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Outreach Presentations

“It has taken more than a decade to implement a policy, program and regulatory framework that makes ‘Water-Resilient Communities’ possible in British Columbia,” Kim Stephens explained to a local government audience in Parksville


“Kim Stephens was able to communicate concepts in a way that made sense to the class. They understood him perfectly,” observed Todd Pugh, sessional instructor for Capilano’s Local Government Administration Certificate program. “It is such a mix of people – there were some who would have liked to hear more about the science behind what he presented, and for others it was more science than they’ve experienced since elementary school. So on the whole, I think he hit the right mix.”

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“Get it right at the development scale and the results will accumulate at the watershed and regional scales,” said Kim Stephens in a lecture to landscape architect students at UBC


North Vancouver City is a case study for a UBC design course on integration of landscape architecture into urban rainwater management strategies. “The lecture by Kim Stephens was excellent and well-paced,” stated Daniel Roehr, Associate Professor. “He provided clarity regarding a course objective, which is to design at different scales, using the reverse design strategy, site and details first before urban and regional scale.”

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It is necessary to connect past and present research to “think and act like a watershed”, Kim Stephens informed the Mid Vancouver Island Habitat Enhancement Society at its 2016 Annual General Meeting


“Everyone learns about the water cycle in elementary school, but by high school most have forgotten what they learned,” said Kim Stephens. “What does this mean for communities? Consider that a legacy of community and infrastructure design practices has failed to protect the natural water balance (hydrologic integrity). Failure has financial, level‐of‐service and life‐cycle impacts and implications for taxpayers. The results can be very expensive to fix.”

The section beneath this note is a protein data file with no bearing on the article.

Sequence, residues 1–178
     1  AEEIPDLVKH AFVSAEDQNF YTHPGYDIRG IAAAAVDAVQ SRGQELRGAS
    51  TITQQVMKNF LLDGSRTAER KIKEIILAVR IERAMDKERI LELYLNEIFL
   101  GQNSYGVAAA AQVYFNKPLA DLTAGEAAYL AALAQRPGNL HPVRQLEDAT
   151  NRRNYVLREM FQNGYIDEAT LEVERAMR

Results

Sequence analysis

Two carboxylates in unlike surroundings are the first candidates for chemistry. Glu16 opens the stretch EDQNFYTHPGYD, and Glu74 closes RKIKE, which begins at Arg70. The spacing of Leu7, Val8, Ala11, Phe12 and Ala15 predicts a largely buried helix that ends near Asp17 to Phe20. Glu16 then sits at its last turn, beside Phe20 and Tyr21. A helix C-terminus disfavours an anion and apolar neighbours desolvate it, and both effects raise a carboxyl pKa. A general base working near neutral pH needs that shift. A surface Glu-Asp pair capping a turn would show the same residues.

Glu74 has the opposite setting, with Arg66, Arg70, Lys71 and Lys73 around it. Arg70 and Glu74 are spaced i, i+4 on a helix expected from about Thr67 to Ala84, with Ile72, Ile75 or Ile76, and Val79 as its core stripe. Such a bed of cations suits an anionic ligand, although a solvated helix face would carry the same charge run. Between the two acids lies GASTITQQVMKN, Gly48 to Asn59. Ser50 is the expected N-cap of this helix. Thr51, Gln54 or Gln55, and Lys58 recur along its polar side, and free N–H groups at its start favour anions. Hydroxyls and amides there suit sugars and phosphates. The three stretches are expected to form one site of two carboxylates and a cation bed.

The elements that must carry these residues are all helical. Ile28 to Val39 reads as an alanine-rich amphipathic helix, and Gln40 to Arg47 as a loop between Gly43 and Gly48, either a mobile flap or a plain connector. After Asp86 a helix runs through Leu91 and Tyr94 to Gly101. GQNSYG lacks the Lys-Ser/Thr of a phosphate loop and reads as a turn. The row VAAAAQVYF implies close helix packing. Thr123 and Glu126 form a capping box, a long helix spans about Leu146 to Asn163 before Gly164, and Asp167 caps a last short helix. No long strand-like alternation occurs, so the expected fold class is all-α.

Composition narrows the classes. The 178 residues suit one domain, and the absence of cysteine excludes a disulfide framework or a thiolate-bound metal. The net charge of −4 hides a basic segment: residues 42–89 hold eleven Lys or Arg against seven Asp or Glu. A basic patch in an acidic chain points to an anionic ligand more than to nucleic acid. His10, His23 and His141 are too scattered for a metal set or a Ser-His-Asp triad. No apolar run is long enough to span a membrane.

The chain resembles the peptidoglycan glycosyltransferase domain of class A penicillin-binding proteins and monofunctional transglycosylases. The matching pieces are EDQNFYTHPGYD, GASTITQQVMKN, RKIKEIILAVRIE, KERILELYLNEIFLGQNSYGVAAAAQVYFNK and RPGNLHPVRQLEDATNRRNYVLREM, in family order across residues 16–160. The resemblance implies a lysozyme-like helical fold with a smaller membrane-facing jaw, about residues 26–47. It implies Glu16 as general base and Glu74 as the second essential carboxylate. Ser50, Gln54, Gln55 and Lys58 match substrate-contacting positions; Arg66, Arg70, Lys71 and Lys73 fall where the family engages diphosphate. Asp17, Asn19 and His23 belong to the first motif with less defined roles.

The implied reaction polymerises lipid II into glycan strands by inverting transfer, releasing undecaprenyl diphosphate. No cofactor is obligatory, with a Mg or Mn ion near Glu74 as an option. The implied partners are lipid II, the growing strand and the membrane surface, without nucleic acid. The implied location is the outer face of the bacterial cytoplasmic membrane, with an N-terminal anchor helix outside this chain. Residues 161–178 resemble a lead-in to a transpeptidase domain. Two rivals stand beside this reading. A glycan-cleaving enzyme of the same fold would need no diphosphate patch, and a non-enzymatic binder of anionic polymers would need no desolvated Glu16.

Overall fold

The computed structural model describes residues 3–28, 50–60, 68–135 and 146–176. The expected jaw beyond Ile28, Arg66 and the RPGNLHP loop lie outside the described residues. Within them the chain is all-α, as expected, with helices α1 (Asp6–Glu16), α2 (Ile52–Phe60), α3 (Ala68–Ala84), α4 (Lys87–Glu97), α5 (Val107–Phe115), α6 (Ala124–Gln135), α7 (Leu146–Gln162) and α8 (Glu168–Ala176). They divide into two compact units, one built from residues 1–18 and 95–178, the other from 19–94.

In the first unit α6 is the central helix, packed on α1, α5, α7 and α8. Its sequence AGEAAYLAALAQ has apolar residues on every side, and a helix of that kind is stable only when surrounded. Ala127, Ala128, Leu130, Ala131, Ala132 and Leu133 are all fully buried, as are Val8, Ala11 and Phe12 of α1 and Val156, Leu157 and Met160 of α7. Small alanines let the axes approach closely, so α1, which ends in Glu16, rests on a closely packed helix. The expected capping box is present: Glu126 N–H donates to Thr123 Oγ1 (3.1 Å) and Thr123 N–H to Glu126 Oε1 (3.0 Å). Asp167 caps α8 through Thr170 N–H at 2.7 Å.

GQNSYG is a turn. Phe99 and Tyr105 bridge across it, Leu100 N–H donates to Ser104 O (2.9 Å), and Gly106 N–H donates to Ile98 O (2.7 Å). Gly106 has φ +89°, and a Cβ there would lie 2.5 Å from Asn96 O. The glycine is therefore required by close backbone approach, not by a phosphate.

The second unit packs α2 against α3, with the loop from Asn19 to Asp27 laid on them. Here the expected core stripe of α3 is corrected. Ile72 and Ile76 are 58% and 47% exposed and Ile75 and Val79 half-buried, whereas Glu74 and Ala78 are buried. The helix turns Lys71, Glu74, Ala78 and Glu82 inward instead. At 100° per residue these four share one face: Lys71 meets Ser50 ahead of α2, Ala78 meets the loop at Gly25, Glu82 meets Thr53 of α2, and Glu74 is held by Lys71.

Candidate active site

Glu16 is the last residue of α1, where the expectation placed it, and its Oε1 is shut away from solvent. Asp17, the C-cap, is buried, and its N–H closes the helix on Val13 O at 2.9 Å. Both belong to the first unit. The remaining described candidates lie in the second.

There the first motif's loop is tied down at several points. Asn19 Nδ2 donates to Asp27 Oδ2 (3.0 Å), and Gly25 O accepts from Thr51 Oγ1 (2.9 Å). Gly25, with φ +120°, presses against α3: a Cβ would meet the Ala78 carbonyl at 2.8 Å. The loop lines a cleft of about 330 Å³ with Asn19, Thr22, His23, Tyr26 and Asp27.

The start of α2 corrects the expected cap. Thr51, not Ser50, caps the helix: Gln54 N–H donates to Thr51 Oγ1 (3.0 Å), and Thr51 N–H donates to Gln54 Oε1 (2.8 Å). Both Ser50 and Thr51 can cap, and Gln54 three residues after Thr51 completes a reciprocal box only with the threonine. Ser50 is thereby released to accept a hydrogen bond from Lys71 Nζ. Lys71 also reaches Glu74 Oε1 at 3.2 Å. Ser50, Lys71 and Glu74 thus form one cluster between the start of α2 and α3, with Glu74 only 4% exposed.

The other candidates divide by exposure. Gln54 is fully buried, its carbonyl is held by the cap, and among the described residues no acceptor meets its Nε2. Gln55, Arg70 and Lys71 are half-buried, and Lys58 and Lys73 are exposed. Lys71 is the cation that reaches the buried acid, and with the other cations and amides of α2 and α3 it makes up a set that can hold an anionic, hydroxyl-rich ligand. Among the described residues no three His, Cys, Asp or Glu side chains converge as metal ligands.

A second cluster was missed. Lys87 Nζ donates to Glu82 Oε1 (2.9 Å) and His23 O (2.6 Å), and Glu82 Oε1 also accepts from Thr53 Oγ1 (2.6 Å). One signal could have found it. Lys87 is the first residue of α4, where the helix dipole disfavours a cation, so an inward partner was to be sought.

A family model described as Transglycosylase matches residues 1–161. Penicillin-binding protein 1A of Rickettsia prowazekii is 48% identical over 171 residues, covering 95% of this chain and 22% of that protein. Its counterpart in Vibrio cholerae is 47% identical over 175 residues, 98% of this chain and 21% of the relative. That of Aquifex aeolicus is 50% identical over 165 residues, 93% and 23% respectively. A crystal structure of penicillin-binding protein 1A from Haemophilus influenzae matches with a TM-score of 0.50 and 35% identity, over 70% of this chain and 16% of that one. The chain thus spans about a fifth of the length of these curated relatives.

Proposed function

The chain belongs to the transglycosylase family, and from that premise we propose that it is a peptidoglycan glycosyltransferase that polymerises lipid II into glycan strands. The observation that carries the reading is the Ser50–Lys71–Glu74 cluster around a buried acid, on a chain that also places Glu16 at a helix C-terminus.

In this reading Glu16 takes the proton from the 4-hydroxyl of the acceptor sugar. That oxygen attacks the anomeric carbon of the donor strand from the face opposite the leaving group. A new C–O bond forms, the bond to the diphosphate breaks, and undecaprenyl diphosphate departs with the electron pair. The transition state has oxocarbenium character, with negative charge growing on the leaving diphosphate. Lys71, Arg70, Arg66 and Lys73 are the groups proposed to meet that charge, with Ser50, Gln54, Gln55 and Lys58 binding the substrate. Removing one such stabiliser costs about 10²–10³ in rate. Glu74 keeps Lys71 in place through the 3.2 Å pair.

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FLASHBACK TO 2014: Partnership for Water Sustainability in BC recognized City of Coquitlam as a Champion Supporter and celebrated the accomplishments of staff


“There is no question that all of Council relishes Champion Supporter recognition. We strive to make sure that our watersheds work properly. We have a number of committees that are aimed at improving the health of the watershed and the health of the river – everything from sand and gravel operations to the way in which stormwater management takes place adjacent to city streets, the kinds of initiatives we have undertaken and continue to undertake,” stated Mayor Richard Stewart

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FLASHBACK TO 2014: Partnership for Water Sustainability in BC recognized City of North Vancouver as a Champion Supporter and celebrated the accomplishments of staff


“On the North Shore, people are passionate about their creeks. Protection of salmon habitat and stream health is important to us. We all can make a difference by designing with nature. The change starts with rain gardens. A single rain garden will not make a material difference to stream health. But 1000 rain gardens would be a different story. Restoring stream health requires a long-term commitment,” states Mayor Darrell Mussatto.